Jim Carrey and Alec Baldwin try to make SNL’s debate as ridiculous as the real thing

Alec Baldwin, Jim Carrey

Alec Baldwin, Jim Carrey
Screenshot: Saturday Night Live

All eyes (that still watch network TV) were on last night’s Chris Rock-hosted Saturday Night Live premiere. Not for Rock—although, why not for Rock?—but for newest SNL superstar comedy ringer Jim Carrey to make his debut as the show’s in-house Joe Biden. (Hopefully for at least a four-year commitment.) Naturally, the show chose the recent presidential debate as the perfect cold open for Carrey to stride out in his Biden hair, makeup, wig, teeth, and avuncular hoarseness, since that thing was pure dark, apocalyptic comedy in the first place.

Of course, that meant a return as well for Alec Baldwin’s much-dissed Donald Trump. (To be fair, Baldwin’s buffoonish Trump hasn’t imprisoned any babies, sterilized immigrants against their will, or been credibly accused of sexual assault by more than a score of women—he’s just lazy comedy.) Facing off (after Carrey’s Biden whipped out a measuring tape and moved his podium out of the spittle zone) in front of Beck Bennett’s accurately helpless and ineffectual moderator Chris Wallace, the two extended-cameo political caricatures pretty much followed the nonsensical script from the actual debate. The writers attempted gamely to up the absurdity, with only occasional success, but that’s admittedly a tough bar to clear.

Baldwin’s Trump interminably interrupted Biden with the volume and grace of a nap-deprived toddler told he can’t watch Spongebob, while doing some busy hand-work, throwing up a fingers-crossed oath that he took the COVID test he pinky-swore to take, and throwing down a double “OK” symbol when proclaiming he doesn’t even know how to signal white supremacists. (Hey, remember when a sitting president told gangs of neo-Nazi thugs—and overjoyed Trump boosters—to “stand back and stand by” on national TV?) In Biden’s case, Carrey was uncharacteristically (for sketch comedy) subdued, channeling Biden’s wonted laid-back style as he unsuccessfully fended off his opponent’s bloviating ejaculations, lies, and the occasional racist term while referring to his earpiece for some self-help relaxation tapes. (Courtesy of Harry Styles, for reasons.)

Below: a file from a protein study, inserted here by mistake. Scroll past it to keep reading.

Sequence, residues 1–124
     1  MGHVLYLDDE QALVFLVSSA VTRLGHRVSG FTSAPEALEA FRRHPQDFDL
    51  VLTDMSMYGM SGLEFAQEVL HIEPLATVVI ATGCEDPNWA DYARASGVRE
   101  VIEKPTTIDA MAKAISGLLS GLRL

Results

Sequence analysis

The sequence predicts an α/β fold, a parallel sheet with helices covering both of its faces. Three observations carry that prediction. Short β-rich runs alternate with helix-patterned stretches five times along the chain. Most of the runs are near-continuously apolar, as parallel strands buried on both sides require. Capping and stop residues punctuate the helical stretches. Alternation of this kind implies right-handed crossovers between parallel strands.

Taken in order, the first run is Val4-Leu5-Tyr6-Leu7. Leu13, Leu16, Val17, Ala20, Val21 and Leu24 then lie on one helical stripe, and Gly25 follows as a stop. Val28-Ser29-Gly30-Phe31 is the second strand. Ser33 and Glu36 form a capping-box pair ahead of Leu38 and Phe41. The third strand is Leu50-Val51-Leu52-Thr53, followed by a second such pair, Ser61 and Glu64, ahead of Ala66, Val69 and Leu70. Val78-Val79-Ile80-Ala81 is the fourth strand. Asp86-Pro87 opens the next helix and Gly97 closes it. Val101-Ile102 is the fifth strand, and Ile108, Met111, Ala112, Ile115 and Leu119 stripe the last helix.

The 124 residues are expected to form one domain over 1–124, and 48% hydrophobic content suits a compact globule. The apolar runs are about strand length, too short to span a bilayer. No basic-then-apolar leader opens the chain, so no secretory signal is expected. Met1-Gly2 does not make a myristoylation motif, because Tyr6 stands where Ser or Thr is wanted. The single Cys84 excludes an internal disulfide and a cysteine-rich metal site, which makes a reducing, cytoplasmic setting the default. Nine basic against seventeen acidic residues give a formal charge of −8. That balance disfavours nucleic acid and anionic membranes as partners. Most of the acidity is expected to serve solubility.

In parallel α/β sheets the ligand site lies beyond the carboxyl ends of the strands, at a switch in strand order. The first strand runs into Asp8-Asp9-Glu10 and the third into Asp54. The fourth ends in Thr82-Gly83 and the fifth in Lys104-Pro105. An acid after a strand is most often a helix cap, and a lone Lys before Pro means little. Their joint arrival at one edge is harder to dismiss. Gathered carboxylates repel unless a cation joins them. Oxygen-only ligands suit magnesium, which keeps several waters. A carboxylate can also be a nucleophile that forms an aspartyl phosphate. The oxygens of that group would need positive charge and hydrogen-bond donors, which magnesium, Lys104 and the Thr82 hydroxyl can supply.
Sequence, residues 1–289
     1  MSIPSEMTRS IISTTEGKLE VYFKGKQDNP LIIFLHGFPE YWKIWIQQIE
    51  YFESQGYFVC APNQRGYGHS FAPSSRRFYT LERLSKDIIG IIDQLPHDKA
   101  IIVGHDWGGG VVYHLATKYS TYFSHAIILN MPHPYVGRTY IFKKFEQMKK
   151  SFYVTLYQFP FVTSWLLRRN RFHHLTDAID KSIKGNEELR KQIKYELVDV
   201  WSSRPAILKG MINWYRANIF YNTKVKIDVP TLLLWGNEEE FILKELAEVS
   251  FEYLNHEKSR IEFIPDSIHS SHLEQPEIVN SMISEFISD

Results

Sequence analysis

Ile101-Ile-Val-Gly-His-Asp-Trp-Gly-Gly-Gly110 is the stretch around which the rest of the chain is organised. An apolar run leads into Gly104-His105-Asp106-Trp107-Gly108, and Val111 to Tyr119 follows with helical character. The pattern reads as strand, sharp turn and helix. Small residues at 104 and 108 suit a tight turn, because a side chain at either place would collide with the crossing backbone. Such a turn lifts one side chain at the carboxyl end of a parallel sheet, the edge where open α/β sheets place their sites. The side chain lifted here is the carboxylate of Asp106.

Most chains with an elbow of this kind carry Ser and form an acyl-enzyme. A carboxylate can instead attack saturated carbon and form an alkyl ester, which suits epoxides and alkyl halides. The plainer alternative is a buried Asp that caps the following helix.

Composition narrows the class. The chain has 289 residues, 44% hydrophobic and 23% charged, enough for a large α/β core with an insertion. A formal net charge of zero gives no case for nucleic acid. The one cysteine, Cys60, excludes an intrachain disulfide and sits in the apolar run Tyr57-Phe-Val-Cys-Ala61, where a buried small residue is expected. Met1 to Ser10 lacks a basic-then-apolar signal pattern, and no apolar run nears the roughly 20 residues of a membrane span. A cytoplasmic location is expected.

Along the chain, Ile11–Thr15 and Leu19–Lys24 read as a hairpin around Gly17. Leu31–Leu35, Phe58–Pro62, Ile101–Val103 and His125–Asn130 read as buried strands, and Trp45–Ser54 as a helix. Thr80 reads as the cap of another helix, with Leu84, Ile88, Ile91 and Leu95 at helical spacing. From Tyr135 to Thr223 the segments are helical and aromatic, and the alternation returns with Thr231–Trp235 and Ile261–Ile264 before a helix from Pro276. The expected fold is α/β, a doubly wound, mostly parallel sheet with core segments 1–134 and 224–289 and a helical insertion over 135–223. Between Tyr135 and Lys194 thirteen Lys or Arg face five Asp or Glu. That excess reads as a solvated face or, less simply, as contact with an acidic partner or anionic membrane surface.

Still, things got off the rails pretty quickly, Biden finally snapping—as actual Biden did—for Trump to shut the hell up with all that noise. After Trump whipped out the laser pointer to distract Biden (here finally Carrey broke out some physical schtick), it was up to the episode’s other hotly anticipated guest star to step in and put her Converse down. That’s right, Maya Rudolph has also signed on to (again, hopefully for a long time) reprise her stellar Kamala Harris for her old show home, here adopting the only tone one could conceivably use on a pair of squabbling little boys such as Carrey and Baldwin’s Biden and Trump. “Let Mamala go to work,” Rudolph’s Harris told the embarrassed Biden before eliciting a reluctant apology from a cowed Trump. Later, Biden himself managed to corral the stampeding Trump by whipping out the magic remote control much of America was wishing they had last Tuesday. As Biden addressed the audience directly with Baldwin’s Trump frozen blessedly in place, he might be no Kamala Harris, but at least his slogan (“Make America Not Actively On Fire Again”) has a welcome ring to it.

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